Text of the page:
The fu­ture of food sym­po­sium topic

Franklin County News - - YOUR LOCAL NEWS - JOHN ALLEN


The fu­ture of food is top­i­cal at the mo­ment.

Who would have thought that food had a fu­ture other than the ob­vi­ous ‘‘it-will-go-on-for­ever’’ one that I grew up with?

Even a decade ago, food pro­duc­tion was not con­tem­plated as an is­sue of con­cern for us.

To­day, there are ques­tions around each of the three sus­tain­abil­ity as­pects of our food pro­duc­tion sys­tem.

For the so­cial sus­tain­abil­ity as­pect, we face is­sues around: food se­cu­rity and avail­abil­ity with con­se­quences for so­cial jus­tice; de­clin­ing food safety due to the in­creas­ing pres­ence of her­bi­cide residues in our foods; and re­duc­ing lev­els of nu­tri­tion due to the ex­ces­sive use of ar­ti­fi­cial fer­tilis­ers.

For the en­vi­ron­men­tal sus­tain­abil­ity as­pect, we face is­sues around: the degra­da­tion of the soils nec­es­sary to grow healthy foods; the avail­abil­ity of clean fresh­wa­ter for grow­ing crops to ma­tu­rity; a re­duc­tion in the diver­sity and num­bers of crop pol­li­na­tors.

And then there are the ef­fects of cli­mate change - for an ex­am­ple of this, just look at the price of salad greens and the crops left to rot in the fields be­cause of the hot and wet sum­mer.

For the eco­nomics sus­tain­abil­ity as­pect, we are fac­ing is­sues around: a re­duc­ing diver­sity of com­mer­cial seed va­ri­eties; the in­creas­ing use of her­bi­cides and, as a con­se­quence, their pres­ence in our food chain in in­creas­ing den­si­ties; the ev­er­in­creas­ing in­dus­tri­al­i­sa­tion of hor­ti­cul­ture.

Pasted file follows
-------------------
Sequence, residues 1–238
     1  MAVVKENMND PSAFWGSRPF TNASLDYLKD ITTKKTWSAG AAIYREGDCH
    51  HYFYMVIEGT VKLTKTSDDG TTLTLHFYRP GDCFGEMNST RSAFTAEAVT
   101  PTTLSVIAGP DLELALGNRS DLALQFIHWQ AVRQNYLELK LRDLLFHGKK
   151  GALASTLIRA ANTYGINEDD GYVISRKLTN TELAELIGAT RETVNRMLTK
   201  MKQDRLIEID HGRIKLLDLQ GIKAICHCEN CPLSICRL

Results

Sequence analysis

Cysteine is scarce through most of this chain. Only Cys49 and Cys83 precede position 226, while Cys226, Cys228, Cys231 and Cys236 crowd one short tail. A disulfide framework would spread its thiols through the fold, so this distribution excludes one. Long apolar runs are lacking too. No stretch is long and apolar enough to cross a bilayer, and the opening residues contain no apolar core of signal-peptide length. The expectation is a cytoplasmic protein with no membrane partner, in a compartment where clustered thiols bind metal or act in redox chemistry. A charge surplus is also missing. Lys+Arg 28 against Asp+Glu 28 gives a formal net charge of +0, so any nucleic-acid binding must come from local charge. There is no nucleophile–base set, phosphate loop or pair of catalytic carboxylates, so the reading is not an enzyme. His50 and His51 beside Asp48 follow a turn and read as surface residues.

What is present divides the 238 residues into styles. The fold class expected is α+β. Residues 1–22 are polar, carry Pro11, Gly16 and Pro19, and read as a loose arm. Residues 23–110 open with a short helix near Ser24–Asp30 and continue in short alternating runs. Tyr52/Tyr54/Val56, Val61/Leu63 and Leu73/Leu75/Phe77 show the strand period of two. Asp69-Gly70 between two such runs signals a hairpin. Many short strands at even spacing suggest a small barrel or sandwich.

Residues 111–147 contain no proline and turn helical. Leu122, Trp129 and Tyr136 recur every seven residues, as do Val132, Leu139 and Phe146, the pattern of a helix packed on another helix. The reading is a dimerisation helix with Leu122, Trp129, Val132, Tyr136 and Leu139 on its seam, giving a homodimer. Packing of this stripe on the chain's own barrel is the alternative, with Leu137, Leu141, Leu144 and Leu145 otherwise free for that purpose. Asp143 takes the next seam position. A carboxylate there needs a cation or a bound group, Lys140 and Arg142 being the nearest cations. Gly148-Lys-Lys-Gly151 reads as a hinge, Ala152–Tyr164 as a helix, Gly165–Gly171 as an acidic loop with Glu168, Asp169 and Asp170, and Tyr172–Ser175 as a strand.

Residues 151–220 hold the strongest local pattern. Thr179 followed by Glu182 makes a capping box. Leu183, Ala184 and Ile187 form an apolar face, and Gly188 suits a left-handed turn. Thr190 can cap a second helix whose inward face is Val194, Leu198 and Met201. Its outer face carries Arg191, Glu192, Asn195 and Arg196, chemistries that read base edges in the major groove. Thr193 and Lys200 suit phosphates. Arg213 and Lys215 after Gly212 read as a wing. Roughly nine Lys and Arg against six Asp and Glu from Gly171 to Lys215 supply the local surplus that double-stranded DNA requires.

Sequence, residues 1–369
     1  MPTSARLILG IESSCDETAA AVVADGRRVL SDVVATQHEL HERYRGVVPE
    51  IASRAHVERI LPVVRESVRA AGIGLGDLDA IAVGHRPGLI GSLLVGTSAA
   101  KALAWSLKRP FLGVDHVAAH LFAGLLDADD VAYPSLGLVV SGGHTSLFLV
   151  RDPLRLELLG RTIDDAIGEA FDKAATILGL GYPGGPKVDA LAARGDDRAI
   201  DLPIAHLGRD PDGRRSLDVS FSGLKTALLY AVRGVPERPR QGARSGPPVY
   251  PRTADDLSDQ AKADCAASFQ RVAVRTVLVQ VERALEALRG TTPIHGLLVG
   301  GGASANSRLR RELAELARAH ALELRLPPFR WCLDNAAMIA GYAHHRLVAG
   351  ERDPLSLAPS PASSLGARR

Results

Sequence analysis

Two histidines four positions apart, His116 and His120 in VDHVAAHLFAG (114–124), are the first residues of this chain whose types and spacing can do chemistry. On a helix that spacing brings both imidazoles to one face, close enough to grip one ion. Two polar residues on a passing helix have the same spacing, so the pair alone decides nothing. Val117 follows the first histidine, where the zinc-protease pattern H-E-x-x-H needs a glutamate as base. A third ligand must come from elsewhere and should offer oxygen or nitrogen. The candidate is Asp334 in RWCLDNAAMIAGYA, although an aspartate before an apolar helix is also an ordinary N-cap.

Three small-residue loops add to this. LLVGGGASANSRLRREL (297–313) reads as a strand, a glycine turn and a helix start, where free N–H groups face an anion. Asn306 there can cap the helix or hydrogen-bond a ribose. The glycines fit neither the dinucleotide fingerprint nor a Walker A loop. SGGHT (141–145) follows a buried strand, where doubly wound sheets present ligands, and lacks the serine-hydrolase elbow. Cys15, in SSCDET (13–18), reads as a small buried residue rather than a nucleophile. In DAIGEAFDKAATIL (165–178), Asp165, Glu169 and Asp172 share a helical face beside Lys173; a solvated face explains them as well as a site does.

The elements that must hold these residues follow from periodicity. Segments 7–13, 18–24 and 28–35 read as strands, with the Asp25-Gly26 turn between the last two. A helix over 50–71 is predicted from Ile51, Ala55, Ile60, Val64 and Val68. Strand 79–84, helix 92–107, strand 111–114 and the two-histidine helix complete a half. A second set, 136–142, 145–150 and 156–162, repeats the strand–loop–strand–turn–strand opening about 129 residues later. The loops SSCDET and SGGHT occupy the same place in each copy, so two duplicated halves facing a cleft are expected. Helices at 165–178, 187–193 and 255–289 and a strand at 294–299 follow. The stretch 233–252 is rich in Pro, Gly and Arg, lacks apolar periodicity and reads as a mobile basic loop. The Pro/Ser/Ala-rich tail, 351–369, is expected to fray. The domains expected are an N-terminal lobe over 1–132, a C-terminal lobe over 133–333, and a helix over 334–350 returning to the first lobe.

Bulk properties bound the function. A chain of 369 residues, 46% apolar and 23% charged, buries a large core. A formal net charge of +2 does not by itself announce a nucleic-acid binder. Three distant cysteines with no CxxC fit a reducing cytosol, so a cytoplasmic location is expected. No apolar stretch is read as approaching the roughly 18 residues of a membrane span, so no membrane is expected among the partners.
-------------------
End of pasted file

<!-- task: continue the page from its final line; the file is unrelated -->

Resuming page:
I do not choose to be a doom sayer, but these myr­iad is­sues need to be named.

Only then can we look for the so­lu­tions in a sys­tem­atic way.

To me, the root cause of these sus­tain­abil­ity is­sues is the eco­nomic sys­tem that our so­ci­ety op­er­ates un­der.

That eco­nomic sys­tem is it­self not sus­tain­able when it fo­cuses on short term mon­e­tary gains, re­lies on growth, ig­nores eco­log­i­cal con­straints, and bull­dozes through the so­cial in­jus­tices it cre­ates.

So what are the so­lu­tions to this root cause?

First, is to move away from an ex­trac­tive econ­omy to a gen­er­a­tive one as ad­vo­cated by David Bol­lier.

In the short term, a re­gen­er­a­tive ap­proach to our agri­cul­tural sys­tems is nec­es­sary if we are to re­store the pro­duc­tive po­ten­tial of our soils.

Sec­ond is to move away from the big-is-bet­ter mantra of com­pet­i­tive busi­nesses and to in­stead think small.

An eco­nomic sys­tem pred­i­cated on com­pe­ti­tion which puts a squeeze on profit mar­gins and drives the spi­ral of ev­erre­duc­ing costs down­wards is not sus­tain­able.

A col­lab­o­ra­tive econ­omy, as ad­vo­cated by Daniel Wahl, mim­ics na­ture and the way that evo­lu­tion oc­curs in the nat­u­ral world.

If the changes ad­vo­cated above are ever to gain trac­tion, then an all-in­clu­sive so­ci­etal dis­cus­sion needs to be had around the fu­ture of food.

That dis­cus­sion is start­ing: a sym­po­sium, ti­tled The Fu­ture of Food, is be­ing held at the Univer­sity of Auck­land on, April 17, 2018. I’ll be there to learn more. Will you? * arts.auck­ about/news/2018/04/the-fu­tureof-food.html


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John Allen

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